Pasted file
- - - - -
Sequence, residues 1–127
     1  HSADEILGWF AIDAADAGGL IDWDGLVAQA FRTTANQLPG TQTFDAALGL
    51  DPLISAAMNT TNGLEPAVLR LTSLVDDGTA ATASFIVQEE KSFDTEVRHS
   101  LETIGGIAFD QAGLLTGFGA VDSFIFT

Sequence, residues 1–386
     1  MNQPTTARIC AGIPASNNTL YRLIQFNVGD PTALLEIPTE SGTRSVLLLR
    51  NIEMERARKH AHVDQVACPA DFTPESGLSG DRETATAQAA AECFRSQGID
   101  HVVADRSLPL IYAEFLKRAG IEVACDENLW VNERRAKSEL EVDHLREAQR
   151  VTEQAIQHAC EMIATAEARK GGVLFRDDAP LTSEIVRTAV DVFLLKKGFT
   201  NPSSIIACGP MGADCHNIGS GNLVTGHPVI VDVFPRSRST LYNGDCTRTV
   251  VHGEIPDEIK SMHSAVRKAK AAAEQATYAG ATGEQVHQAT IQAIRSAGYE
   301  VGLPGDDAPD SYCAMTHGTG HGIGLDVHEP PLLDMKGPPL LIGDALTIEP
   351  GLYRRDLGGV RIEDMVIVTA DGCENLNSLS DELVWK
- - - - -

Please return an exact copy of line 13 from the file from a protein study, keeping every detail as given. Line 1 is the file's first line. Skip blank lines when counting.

   351  GLYRRDLGGV RIEDMVIVTA DGCENLNSLS DELVWK